I know, I know… “organic” is one of those trendy words that is almost as popular as “missional” right now! I first heard this concept being applied to the church at a conference at Regent Seminary where someone was talking about church worship styles, and I’ve used it in my ministry ever since. The basic idea is that if you want something to orange-flower-1393625grow and be healthy you have to use the ingredients that are there. As it applies to worship music, this means that you shouldn’t try to force in musical styles that you are copying from other churches when you don’t have the people to accomplish it. Use what you have. This also goes with the leading-from-strengths idea.

What this means for us is that we will likely have some times of rapid growth, and some times anemic growth. It will all depend on the people that are part of community and what they are ready, willing, and equipped to do. To take the organic analogy one step further, I want our church to be a perennial, not an annual. When the time is right, and the resources are there, I hope that we create brilliant, beautiful growth. When resources are scarce, and times are hard, I hope that we will take advantage of it to prepare for spring – deepening our roots, rather than simply giving up and dying.

Freedom to Fail Because Jesus Has Succeeded

No matter what happens, I know that we would not have gotten this far if we had not stayed grounded in the Gospel message. Jesus has already accomplished all that we need. Now we have the freedom to live in faithfulness, knowing that our failures and our successes do nothing to affect God’s love and acceptance of us. I remind myself of this every day. I could not do this work without that ongoing assurance. Whether Tidelands grows into our vision of a church that has missional communities all over our area and plants new churches in other regions, or whether our circle of influence remains small and we are deemed insignificant, I know that God is pleased with faithfulness and patient endurance and that nothing can separate us from God’s love (Rom. 8:38f)!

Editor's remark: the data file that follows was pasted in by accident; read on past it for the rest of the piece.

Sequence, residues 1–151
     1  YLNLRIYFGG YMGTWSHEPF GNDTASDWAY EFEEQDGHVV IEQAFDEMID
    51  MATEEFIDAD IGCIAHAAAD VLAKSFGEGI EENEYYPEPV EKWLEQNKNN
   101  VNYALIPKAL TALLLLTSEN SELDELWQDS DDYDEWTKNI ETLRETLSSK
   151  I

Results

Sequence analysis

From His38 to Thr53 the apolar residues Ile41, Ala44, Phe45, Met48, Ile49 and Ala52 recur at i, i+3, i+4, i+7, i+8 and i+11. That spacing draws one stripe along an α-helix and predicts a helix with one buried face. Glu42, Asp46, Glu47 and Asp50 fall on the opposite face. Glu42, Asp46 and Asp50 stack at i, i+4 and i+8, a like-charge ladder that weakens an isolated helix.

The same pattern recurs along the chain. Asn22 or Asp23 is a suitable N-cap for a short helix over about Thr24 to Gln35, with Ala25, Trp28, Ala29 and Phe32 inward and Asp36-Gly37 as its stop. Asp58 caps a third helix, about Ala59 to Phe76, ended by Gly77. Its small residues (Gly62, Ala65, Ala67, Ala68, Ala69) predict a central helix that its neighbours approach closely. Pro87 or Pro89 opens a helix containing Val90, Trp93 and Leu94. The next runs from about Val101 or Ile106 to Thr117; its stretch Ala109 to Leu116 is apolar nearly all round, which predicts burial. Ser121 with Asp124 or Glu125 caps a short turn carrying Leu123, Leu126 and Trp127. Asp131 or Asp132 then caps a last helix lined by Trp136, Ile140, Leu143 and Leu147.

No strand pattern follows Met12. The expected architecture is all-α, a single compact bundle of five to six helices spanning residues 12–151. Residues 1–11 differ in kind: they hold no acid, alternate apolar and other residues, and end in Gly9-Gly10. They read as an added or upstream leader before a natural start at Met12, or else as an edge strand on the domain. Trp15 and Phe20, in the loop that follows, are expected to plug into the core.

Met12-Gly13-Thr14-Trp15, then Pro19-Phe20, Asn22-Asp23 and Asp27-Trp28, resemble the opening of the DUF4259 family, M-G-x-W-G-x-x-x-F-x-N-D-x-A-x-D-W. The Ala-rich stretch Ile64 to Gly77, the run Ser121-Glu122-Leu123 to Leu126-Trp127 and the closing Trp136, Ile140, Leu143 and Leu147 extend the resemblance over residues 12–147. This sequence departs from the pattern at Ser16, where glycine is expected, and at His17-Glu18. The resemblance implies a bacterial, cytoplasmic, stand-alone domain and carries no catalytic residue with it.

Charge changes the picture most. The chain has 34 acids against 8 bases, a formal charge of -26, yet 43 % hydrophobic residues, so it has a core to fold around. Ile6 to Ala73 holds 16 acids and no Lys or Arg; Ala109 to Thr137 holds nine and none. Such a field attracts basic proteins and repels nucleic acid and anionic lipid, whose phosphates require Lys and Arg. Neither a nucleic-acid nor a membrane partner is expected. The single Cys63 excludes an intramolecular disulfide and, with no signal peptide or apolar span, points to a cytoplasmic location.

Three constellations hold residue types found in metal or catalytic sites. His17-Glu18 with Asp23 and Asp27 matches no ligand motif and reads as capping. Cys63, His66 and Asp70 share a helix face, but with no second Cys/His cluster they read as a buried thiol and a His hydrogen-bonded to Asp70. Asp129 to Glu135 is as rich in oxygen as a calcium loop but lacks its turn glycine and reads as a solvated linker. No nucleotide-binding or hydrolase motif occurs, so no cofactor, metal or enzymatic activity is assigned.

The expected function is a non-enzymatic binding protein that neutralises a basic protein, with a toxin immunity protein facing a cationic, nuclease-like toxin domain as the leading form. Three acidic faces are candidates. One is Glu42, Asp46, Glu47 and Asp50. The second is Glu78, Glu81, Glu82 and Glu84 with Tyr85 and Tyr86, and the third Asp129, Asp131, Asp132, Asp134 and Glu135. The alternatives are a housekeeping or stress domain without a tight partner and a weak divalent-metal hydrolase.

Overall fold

Missional Myth

I would say that the #1 question that I get asked after describing the missional community model to someone has to do with how anyone could possibly have any time to live this way. This great video from Caesar explains that it is not about “additional but intentional.” If you watch far enough he goes into detail about the rhythms of our life and how we can make them more intentional.

 

New Church, Old Building (Part 3)

We’ve moved in! June 7 we had our first worship service in our new building. Mountain View Presbyterian sent a worship team to help us launch. Having a violin in the building really makes the music soar! I haven’t posted for awhile because it has been a lot of work getting everything set up and ready. Currently we only have an occupancy rating of 49, but after we make some more changes to the doors and exit signs we can increase that to around 180.